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Spring 2018 and beyondPossiblyAffect Regulation & Cognition Lab

PI: Dr. Jutta Joormann, Professor of Psychology

Supervisor: Ashleigh Rutherford
The goal of this project in the ARC lab at Yale is to better understand the mechanisms that contribute to experiences of diminished reward in depression. We combine a variety of methods in our lab, including EEG, eye-tracking, physiological measures, and computational psychiatry to answer these research questions. We are seeking highly motivated Yale undergraduate students looking to gain research experience in clinical psychology who will help primarily with data recruitment, collection, and analysis. Quantitative skills and coding experience is preferred, but not required. noResearch assistants are invited to ARC lab meetings (Thursdays at 9 during the semester), and may be included in all aspects of research, including, data collection, participant recruitment, literature review, and data analysis.5-10 hours weekly2Please email ashleigh.rutherford@yale.edu with your CV/Resume and a brief description of your interests in our work.
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Fall 2020 onwardYesBJ Casey, Director of the Fundamentals of the Adolescent Brain (FAB) LabWe are looking for research assistants to help with the national landmark Adolescent Brain and Cognitive Development (ABCD) study to track brain development and health in 10,000 children through adolescence (see abcdstudy.org). At Yale, we are enrolling and following 600 families. Experience working with children and teens (either formal or informal) is required. YesThese positions offer experience in recruiting, screening and testing participants. The research will provide opportunities to gain experience in imaging, biospecimen collection, and in neurocognitve and clinical assessments. Contact: bj.casey@yale.edu for more information.10 hours/week2contact bj.casey@yale.edu and provide a resume or CV and a few sentences on why you would like to work on this study.
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Fall 2020 and beyondYes (and volunteers)Dr. Nicholas Turk-Browne (PI: Professor, Psychology)The Turk-Browne lab is interested in how we see (perception), how we control what we see and how it controls us (attention), and how we store what we see in our heads (learning and memory). We use a combination of behavioral, neuroscientific, and computational approaches. These include psychophysics, eye tracking, fMRI, intracranial recording, and machine learning. We use these techniques to answer questions about adult cognition and how it develops in infants (e.g., why we can’t remember anything from early in life).YesInfant research: helping with recruitment, contacting/meeting families, data collection, video coding, and basic data analysis; applicant must be comfortable with young children.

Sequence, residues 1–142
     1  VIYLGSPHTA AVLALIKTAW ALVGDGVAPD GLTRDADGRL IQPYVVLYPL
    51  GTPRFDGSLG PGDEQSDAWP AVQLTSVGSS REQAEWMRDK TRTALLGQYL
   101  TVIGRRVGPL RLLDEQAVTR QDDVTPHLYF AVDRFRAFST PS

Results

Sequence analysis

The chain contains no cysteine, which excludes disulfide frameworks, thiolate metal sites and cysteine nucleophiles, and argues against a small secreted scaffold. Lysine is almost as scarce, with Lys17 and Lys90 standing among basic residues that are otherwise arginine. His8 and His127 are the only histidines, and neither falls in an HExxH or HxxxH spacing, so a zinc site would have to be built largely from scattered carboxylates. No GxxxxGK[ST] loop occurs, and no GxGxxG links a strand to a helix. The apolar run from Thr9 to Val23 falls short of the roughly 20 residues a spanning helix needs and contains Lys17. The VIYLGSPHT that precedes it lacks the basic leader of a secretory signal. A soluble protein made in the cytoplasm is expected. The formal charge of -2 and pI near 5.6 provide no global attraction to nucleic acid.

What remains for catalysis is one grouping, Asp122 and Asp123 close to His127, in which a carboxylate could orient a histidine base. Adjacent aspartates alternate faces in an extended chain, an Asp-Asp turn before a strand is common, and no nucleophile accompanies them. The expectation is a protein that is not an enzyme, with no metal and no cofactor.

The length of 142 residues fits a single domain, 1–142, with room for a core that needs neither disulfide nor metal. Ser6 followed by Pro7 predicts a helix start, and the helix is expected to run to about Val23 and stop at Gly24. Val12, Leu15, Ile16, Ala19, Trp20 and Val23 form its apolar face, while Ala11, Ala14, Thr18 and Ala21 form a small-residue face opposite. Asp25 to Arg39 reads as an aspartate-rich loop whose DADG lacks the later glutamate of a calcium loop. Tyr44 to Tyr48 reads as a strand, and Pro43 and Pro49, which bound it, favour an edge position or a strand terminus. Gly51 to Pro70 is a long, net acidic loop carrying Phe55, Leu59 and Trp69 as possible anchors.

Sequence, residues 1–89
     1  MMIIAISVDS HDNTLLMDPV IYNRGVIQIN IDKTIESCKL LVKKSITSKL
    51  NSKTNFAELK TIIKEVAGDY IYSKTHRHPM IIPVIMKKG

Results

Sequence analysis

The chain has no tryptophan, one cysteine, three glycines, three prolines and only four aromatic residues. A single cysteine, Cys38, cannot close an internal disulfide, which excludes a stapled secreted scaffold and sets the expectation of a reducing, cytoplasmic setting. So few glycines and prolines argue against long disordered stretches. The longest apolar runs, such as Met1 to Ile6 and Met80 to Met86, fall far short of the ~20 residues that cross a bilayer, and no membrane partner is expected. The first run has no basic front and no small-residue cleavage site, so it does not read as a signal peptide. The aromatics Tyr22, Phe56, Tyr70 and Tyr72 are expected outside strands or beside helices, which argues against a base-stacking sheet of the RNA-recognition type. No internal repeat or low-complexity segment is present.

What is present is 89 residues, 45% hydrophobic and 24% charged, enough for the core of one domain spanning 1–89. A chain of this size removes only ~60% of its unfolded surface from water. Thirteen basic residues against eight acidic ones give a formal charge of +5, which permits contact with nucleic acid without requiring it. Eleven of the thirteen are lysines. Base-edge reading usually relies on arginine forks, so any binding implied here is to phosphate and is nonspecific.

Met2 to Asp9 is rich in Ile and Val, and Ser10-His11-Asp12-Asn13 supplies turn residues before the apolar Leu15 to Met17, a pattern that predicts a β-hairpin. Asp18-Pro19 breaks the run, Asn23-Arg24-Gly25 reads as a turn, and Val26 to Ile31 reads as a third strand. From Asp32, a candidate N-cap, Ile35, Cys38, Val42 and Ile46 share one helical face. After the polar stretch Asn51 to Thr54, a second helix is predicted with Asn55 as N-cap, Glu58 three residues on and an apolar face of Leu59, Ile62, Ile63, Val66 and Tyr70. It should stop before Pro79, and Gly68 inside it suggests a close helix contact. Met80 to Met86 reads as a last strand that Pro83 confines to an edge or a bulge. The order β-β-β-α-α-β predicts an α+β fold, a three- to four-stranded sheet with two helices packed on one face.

Adult research: assisting with ongoing studies, including data collection and analysis; possibility of (eventually) conducting independent research; programming and statistical experience desirable and a willingness to learn essential.
8-10 hours per week (decided with advisor depending on duties)2If interested in the position, please contact Jonathan at jonathan.daniels@yale.edu with a CV and your availability to meet.
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Fall 2020 & BeyondYesFundamentals of the Adolescent Brain (FAB) Lab (PI: Professor BJ Casey)The FAB Lab is seeking highly motivated undergraduates interested in cognitive, clinical, developmental or social neuroscience to assist with the Adolescent Brain Cognitive Development (ABCD) Study. The ABCD Study is the largest long-term study of brain development and child health in the United States. By following more than 11,000 children over 10 years as they go through adolescence, the ABCD Study is well-positioned to answer a number of questions about the developing brain and the many childhood experiences that shape social, emotional, intellectual, and physical growth. Questions that will be addressed include: How does screen time affect social and brain development? Can sports injuries cause brain damage? How do sleep patterns affect academic achievement? What are the long-term effects of ADHD medications on academics and health? Does drinking coffee or energy drinks have negative effects on children? How does tobacco or alcohol use affect learning and health? Are there extracurricular activities or other experiences that help children do better in school and be happier in life?YesResearch assistants will be full members of the lab, and included in all aspects of the research projects. Opportunities depend on interest, experience, skills, availability and the lab’s needs. Responsibilities may include phone recruitment, interacting with ABCD parents and children, literature searches, assisting with scanning sessions, and data management, including potential opportunities to assist with analysis and presentation of data.10 hours per week2BJ.Casey@Yale.edu. Please include in your email your major, year, research experience and experience working with children, parents or families and CV/resume